22 Jul 2024


Make UK doubles 2021 growth forecast to 7.8%

The Make UK/BDO survey reveals that investment and employment intentions among UK manufacturers have both moved into positive territory

The UK’s manufacturing sector is set to recover much of the “brutal” 10% decline that it suffered during 2020, and to outpace the growth of the UK economy as a whole this year, according to a survey and study published by Make UK and the business advisory firm BDO. They have doubled their 2021 growth forecast for the manufacturing sector from 3.9% to 7.8% (and are expecting the UK economy as a whole to expand by 7.5% this year).

They say that the expected growth is based on a surge in domestic orders and a rebound in export orders, which is translating into strong hiring intentions. Output volumes have hit the highest level in the survey’s history and expectations for the coming quarter are said to be “very strong” across all of the key indicators. However, prices are rising and margins are continuing to decline.

The quarterly survey of 276 manufacturers also finds that their investment intentions have turned positive for the first since the first quarter of 2020, suggesting that the introduction of the temporary “super-deduction” tax in the Budget, together with improved growth prospects, are having an impact.

However, Make UK stresses that the figures reflect a recovery from a very low base, with last year’s figures plummeting to record lows that were worse than those seen during the financial crisis. Between 2019 and 2020, the manufacturing sector lost around £18bn in value. Make UK believes that it will take more than a short-term boost of pent-up demand to return the sector to its pre-pandemic size.

But its forecasts do suggest – assuming that the vaccination programme is effective – that manufacturing output levels will return to pre-pandemic levels by the end of 2022. That is sooner than previous forecasts had suggested.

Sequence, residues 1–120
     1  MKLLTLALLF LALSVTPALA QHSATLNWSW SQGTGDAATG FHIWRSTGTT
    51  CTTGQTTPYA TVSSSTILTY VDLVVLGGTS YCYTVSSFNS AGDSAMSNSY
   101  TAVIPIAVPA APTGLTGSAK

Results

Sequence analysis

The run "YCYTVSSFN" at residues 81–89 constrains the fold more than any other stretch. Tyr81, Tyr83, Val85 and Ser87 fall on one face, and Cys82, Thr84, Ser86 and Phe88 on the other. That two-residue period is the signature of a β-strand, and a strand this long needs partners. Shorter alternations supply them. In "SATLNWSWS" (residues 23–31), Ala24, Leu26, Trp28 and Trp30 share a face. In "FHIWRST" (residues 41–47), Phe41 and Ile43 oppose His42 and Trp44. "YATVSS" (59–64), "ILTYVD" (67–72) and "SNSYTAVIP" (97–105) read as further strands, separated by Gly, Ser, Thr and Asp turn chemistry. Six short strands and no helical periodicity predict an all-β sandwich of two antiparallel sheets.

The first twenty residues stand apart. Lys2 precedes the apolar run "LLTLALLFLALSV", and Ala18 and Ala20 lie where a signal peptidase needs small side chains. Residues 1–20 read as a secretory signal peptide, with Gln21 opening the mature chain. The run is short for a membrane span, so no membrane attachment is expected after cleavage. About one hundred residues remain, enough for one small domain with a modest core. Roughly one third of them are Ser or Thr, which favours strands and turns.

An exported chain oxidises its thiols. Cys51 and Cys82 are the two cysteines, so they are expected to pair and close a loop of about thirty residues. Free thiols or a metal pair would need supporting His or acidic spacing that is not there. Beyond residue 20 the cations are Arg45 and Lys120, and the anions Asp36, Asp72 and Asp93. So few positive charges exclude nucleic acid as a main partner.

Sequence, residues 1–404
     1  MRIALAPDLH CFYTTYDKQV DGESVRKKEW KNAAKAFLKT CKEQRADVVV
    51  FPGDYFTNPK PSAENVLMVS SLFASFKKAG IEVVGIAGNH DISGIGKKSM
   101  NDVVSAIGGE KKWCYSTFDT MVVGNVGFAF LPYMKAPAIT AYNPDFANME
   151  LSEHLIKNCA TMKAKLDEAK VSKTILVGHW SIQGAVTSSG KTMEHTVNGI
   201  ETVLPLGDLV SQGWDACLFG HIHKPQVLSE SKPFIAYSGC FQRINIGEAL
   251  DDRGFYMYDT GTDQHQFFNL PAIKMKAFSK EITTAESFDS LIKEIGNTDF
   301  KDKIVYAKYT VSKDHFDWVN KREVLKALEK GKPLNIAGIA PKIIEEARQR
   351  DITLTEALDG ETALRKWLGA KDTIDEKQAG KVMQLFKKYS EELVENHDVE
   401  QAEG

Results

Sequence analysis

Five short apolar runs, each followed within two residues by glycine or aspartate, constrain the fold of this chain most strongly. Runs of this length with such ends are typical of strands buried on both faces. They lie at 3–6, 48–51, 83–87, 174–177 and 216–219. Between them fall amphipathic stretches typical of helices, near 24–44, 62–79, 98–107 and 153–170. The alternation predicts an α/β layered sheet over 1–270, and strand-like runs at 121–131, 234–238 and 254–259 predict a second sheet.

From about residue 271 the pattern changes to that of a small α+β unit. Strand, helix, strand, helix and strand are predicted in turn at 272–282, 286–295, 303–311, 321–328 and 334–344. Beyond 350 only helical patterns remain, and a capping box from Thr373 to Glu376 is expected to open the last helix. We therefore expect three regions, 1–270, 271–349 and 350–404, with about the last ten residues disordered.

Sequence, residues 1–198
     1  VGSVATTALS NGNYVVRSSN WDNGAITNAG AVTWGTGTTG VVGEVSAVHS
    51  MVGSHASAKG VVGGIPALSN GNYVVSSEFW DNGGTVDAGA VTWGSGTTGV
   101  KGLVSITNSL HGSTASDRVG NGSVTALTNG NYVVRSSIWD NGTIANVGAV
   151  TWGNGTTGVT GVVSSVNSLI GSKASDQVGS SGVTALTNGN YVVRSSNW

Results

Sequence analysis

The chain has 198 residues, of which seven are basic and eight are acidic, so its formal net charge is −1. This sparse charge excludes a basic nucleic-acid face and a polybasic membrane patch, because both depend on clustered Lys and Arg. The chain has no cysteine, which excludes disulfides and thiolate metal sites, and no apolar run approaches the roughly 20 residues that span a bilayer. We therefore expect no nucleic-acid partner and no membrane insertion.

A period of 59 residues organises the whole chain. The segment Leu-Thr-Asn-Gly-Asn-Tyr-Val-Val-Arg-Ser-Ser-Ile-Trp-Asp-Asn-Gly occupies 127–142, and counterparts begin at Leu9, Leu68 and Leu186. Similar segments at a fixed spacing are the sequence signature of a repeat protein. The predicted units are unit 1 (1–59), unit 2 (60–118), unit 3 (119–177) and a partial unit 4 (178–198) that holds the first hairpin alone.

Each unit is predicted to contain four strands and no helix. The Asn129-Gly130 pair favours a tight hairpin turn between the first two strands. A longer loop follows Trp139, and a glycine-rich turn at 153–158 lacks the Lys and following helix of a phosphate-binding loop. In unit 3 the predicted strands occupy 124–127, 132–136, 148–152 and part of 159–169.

“Manufacturing growth is now firmly accelerating as restrictions have been eased and economies around the globe have started to open up,” says Make UK’s senior economist, Fhaheen Khan. “Looking forward there seems no reason to believe that this will not continue, assuming the shackles come off firmly in the second half of the year.

“However,” she adds, “given we are coming from a very low base – worse than during the financial crisis – we have to bear in mind that there was bound to be a rubber-band impact this year. Furthermore, for some sectors, such as aerospace, the limited prospects for international travel in the near future means they may struggle to return to normal trading for some time.”

Mirroring other indicators across the economy, the Make UK/BDO survey shows an increase in both domestic and export orders in response to supply shortages and increases in the cost of raw materials and shipping costs. This is not being translated into higher margins however, suggesting that manufacturers’ profits are being squeezed.

“Manufacturers have fought hard to recover from the brutal impact of the pandemic and have made great strides since the start of the year,” comments BDO’s head of manufacturing, Richard Austin. “With investment intentions having turned positive for the first time since the first quarter of 2020, it appears the government’s introduction of the temporary super-deduction tax has provided the incentive manufacturers needed to bring forward their investment plans.

“We know targeted tax policies can have a huge impact but, with the melting pot of challenges ahead around supply chains, availability of basic commodities and rising inflation, we need the government to look at longer-term strategies to allow the sector to build back better and confidently invest over the next 10-15 years,” he adds.

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